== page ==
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Fun and frivolity at the ballet
This trio of dance routines is a bit like seeing Birmingham Royal Ballet (BRB) let its hair down and get breezy. It's fun, frivolous and a fantastic creative journey into imaginative scenes.
A trio of short ballets to wet the taste buds
First of all, there is Card Game - an energetic routine where the dancers are a pack of cards. The choreography is breathtaking and their lithe bodies really do look like they are being shuffled, laid out and piled up.
While the steadfast strong men of 'hearts' and sturdy 'spade' couples provide a masterclass in syncopated routines, the twinkle in our eye comes from the quirky, rebellious characters. Among these are the sprightly, childlike Two of Diamonds (a vibrant Laura Day), who is treated as an outsider by the cards around her, and the wonderful Joker (dancer Jamie Bond), whose make-up makes him look more like the Joker from the early Batman films.
Dealing us through 24 minutes of dancing to a Stravinsky soundtrack there are even huge human-sized playing cards that sweep on to stage between each hand of the game. By the end, you will feel as though you have been dealt a full house.
Following a brief interval, the show continues with the second section - Slaughter on Tenth Avenue.
Dazzling costumes in Birmingham Royal Ballet's Three of a Kind
In a rare moment, some of the dancers speak to set the scene of murder and mayhem in a New York-type gangster world. We see a bad guy hire an assassin to go to a theatre and shoot a rival dancer in the final scene of a show, when he is supposed to act out shooting himself. This plot however is overheard by another dancer.
Adding to the fun, our gunman appears among the audience, in the balcony seats, to watch our "show within a show" with his handgun in place.
As the curtain rises, we are transported to a bustling striptease club where seductive and sensuous dancer (Celine Gittens) attracts the attention of a love struck customer, to the annoyance of her gun-toting boss.
Amid the tongue-in-cheek drama are dim-witted keystone cops jumping around and long-suffering bartenders who diligently sweep up bodies on the club floor.
Gittens' dancing is impeccable and she stands out with her effortless moves and unwavering control while balancing repeatedly on one leg.
It is once the show approaches its finale that a dancer who overheard the murder plot gets a message to the potential victim - who must keep on tap dancing to avoid being shot. I won't give away the ending, but it is all great fun with plenty of flair.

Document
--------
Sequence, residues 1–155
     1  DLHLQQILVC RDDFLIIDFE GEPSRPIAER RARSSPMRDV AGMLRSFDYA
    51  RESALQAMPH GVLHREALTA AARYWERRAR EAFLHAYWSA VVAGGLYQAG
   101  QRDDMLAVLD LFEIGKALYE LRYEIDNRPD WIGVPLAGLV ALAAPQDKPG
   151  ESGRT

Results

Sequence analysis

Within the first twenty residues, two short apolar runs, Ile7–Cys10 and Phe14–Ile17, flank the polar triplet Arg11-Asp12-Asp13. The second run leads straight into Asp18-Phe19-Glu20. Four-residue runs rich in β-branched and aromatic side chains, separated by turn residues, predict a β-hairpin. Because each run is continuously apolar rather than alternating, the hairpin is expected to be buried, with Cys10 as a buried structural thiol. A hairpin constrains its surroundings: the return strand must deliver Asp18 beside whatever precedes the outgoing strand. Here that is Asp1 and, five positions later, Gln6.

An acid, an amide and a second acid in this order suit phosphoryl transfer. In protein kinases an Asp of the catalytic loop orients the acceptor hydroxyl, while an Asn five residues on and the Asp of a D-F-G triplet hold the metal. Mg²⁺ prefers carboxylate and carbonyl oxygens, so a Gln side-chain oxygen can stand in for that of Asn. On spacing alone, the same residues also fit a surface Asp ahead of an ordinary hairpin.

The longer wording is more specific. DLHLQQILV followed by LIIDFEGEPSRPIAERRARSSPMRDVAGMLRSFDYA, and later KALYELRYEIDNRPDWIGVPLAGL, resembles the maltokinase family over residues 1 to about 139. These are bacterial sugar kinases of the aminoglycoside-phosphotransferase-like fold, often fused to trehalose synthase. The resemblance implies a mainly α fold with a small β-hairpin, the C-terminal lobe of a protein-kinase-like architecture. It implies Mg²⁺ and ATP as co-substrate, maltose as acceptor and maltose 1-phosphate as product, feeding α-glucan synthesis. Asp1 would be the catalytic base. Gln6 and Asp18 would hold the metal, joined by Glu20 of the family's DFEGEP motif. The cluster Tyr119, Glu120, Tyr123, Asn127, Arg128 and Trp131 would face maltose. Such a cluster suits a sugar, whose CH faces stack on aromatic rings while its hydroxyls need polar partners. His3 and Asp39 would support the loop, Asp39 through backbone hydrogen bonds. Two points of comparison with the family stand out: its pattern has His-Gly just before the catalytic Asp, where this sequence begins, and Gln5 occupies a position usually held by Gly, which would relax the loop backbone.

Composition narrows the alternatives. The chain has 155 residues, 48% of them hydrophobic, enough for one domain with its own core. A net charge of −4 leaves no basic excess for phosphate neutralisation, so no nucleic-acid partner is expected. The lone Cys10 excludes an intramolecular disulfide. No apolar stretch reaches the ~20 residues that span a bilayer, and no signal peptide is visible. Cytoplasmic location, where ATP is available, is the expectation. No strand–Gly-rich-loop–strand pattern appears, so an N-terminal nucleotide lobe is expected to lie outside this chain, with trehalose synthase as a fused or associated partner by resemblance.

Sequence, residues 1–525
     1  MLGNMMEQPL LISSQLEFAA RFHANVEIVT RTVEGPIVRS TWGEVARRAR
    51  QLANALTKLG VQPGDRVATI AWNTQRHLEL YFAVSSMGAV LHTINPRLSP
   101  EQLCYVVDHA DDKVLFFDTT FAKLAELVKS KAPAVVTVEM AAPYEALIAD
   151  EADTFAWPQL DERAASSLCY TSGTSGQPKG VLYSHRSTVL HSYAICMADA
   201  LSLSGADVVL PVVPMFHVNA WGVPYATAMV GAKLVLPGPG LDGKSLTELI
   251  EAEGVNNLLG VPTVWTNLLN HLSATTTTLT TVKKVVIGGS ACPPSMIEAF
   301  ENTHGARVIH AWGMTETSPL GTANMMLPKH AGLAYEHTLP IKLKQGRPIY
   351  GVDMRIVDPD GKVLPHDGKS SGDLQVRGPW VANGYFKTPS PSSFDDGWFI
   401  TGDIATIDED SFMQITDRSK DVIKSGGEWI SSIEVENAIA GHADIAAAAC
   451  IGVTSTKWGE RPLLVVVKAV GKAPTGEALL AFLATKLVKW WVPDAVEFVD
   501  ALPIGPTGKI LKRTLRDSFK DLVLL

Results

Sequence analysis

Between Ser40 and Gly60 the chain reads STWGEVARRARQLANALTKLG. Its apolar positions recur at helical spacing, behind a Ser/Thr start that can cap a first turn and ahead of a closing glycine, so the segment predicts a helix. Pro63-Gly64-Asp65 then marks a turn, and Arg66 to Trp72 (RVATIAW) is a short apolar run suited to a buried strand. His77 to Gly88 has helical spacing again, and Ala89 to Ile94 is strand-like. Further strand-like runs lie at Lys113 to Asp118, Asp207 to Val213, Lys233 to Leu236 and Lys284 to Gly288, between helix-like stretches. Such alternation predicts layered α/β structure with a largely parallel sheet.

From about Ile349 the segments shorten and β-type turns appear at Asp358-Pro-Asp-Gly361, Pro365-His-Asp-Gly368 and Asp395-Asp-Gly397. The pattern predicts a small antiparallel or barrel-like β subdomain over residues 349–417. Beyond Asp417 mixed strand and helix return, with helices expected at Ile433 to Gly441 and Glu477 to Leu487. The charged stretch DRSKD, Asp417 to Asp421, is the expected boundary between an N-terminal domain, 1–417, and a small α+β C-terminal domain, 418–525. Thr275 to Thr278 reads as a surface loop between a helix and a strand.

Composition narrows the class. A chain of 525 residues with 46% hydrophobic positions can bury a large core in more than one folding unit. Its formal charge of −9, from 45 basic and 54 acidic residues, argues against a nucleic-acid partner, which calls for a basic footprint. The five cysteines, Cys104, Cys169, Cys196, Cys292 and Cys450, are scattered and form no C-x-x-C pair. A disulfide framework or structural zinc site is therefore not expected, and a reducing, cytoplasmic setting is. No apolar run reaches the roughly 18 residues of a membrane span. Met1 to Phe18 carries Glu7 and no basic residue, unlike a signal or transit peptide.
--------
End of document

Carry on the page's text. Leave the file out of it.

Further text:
Dance fans may be interested to know that the original Slaughter on Tenth Avenue routine dates back to the 1930s, when it was created by famed choreographer George Balanchine to music by Rogers of Rogers and Hammerstein, and has since been updated.
Three of a Kind is part of Birmingham Royal Ballet's Spring Season
The final dance routine of the trio is alive with colour and ragtime. Elite Syncopations sees the Royal Ballet Sinfonia move up from the orchestra pit to the stage to become a band playing Scott Joplin music for a group of the most brightly-costumed dancers you are likely to ever see.
Adorned with rainbow coloured hats and dressed top to toe in painted body stockings of stripes and dots (reminiscent of something Queen frontman Freddie Mercury would have worn), the company of dancers take it in turns to dazzle in this light-hearted piece.
There's plenty of humour too with the "bad" dancers obviously working very hard to make their choreographed mistakes come across so well - something that is harder to do than perform a normal routine.
Jenna Roberts and Yasuo Atsuji are excellent as the leading lights in this section of the show with their exceptional pas du deux. They are both strong and exact and the whole routine, like Joplin's music, is light, jolly and makes you feel good.
Three of a Kind - Birmingham Royal Ballet
Birmingham Hippodrome - Until Saturday February 22 - 2.30pm and 7.30pm.